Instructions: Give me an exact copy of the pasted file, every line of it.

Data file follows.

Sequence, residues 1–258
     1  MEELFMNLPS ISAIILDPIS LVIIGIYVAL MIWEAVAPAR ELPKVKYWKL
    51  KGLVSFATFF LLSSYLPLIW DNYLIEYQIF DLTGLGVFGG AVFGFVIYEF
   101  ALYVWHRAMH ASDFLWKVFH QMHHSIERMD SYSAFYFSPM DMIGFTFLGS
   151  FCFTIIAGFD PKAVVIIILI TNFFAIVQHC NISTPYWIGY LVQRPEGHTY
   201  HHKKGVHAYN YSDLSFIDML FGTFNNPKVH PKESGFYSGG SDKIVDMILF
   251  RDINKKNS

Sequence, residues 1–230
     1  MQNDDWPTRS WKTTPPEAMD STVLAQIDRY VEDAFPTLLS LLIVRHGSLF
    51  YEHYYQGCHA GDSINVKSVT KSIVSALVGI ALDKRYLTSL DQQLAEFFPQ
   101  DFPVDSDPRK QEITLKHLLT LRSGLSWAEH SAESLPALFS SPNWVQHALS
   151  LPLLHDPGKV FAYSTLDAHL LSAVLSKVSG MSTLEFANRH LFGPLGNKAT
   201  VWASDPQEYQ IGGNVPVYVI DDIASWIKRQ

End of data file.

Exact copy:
Sequence, residues 1–258
     1  MEELFMNLPS ISAIILDPIS LVIIGIYVAL MIWEAVAPAR ELPKVKYWKL
    51  KGLVSFATFF LLSSYLPLIW DNYLIEYQIF DLTGLGVFGG AVFGFVIYEF
   101  ALYVWHRAMH ASDFLWKVFH QMHHSIERMD SYSAFYFSPM DMIGFTFLGS
   151  FCFTIIAGFD PKAVVIIILI TNFFAIVQHC NISTPYWIGY LVQRPEGHTY
   201  HHKKGVHAYN YSDLSFIDML FGTFNNPKVH PKESGFYSGG SDKIVDMILF
   251  RDINKKNS

Sequence, residues 1–230
     1  MQNDDWPTRS WKTTPPEAMD STVLAQIDRY VEDAFPTLLS LLIVRHGSLF
    51  YEHYYQGCHA GDSINVKSVT KSIVSALVGI ALDKRYLTSL DQQLAEFFPQ
   101  DFPVDSDPRK QEITLKHLLT LRSGLSWAEH SAESLPALFS SPNWVQHALS
   151  LPLLHDPGKV FAYSTLDAHL LSAVLSKVSG MSTLEFANRH LFGPLGNKAT
   201  VWASDPQEYQ IGGNVPVYVI DDIASWIKRQ